Wholesale prices shot up 1 percent in March lifted by the biggest jump in gasoline costs in nearly three years.

The big advance in the Producer Price Index, which measures inflation pressures before they reach consumers, comes after wholesale prices edged up 0.2 percent in February, the Labor Department reported Friday.

The jolt last month largely came from a sharp increase in energy prices, especially gasoline. That caused the overall reading on wholesale inflation to be worse than the 0.7 percent increase many analysts were bracing for.

In another report, sales at the nations retailers rose a modest 0.2 percent in March for the second month in a row, the Commerce Department said.

While the increase was smaller than analysts were hoping for, it still shows that consumers — whose spending accounts for two-thirds of all economic activity in the United States — are out there shopping. They might be choosy shoppers, but they aren't cutting back.

The 1 percent rise in wholesale prices was the largest increase in 14 months.

But excluding volatile energy and food prices, the "core" rate of wholesale inflation nudged up just 0.1 percent in March — in line with expectations — after being flat the month before. That suggests most other prices are remaining well-behaved.

In fact, for the 12 months ending in March, wholesale prices actually fell 1.4 percent. While that squeezes company's profit margins it's good news for consumers to the extent that the lower costs impact retail prices.

After being tame for months, energy prices rose sharply in March, up 5.5 percent, the largest increase since June 2000. That followed a mild 0.4 percent rise in February.

Tensions in the Middle East and the recent escalation of violence in the region have contributed to a rise in oil prices. If there's one potential wild card in the United States' economic recovery, it's the fear of an upward spiral in energy costs.

A dramatic jump in prices could slow or possibly derail the recovery. A worst-case scenario is that out-of-control energy prices would cause consumer confidence to tank, force consumers to retrench, send corporate profits tumbling and and snuff out a comeback from the manufacturing sector.

President Bush, who wants to get credit for steering the country out of its first recession in a decade, has been closely monitoring the situation.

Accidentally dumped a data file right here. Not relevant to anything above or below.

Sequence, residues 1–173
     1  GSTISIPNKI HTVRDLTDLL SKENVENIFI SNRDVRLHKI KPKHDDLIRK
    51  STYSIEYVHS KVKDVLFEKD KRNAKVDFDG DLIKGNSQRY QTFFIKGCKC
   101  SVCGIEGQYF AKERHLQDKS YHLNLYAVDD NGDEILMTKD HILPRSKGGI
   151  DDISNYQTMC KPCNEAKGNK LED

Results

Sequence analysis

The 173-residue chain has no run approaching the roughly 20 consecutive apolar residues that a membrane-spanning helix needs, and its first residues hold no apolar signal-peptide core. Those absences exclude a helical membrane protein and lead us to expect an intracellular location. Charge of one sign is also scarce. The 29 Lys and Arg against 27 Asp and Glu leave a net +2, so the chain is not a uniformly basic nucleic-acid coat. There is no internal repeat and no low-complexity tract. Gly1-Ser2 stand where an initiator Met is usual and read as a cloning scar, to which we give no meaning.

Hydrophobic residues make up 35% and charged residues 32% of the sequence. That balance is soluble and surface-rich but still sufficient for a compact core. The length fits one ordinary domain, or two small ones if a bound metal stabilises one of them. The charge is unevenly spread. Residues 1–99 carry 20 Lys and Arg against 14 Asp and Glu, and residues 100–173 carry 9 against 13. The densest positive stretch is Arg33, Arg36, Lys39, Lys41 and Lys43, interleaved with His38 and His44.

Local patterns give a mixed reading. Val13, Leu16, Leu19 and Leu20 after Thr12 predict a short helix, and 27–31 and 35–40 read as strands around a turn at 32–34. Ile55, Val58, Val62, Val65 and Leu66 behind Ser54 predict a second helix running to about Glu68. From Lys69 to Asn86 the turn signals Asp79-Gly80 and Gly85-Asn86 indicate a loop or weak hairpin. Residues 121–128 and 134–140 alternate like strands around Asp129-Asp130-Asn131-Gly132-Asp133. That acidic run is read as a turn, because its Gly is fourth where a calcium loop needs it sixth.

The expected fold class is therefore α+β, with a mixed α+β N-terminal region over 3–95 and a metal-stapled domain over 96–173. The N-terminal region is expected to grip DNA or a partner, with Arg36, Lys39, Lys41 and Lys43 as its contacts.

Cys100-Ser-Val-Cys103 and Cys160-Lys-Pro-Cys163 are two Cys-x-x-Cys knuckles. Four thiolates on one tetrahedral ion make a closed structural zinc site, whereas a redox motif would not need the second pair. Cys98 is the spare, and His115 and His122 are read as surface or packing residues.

The rise in crude-oil prices and increased demand for gasoline are pushing up prices at the pump. Motorists have seen a gasoline prices jump nearly 25 cents a gallon over the past month, a record increase for such a period.

Friday's report showed that gasoline prices, at the wholesale level, rose 21.3 percent in March, the biggest jump since April 1999. Still, gasoline prices are running 14.7 percent below last year's level.

Prices for liquefied petroleum gas, such as propane, went up 23.8 percent. Heating oil prices rose 19.7 percent and residential natural gas costs increased 0.8 percent last month.

Food prices, meanwhile, rose 0.6 percent in March, a moderation from a 1 percent advance the month before.

Car prices dropped 0.4 percent, the biggest decline since October, and prices for women's clothing declined 0.8 percent, the largest decrease since December. Communications equipment costs plunged 1.1 percent, the largest decline since March 1988.

To rescue the economy from the clutches of a recession, the Federal Reserve slashed interest rates 11 times last year. The Fed had plenty of room to act so aggressively because of a long period of well-controlled inflation.

Citing evidence of an economic turnaround, the Fed opted to leave rates alone in January and March. But economists believe the central bank is likely to begin raising rates later this year.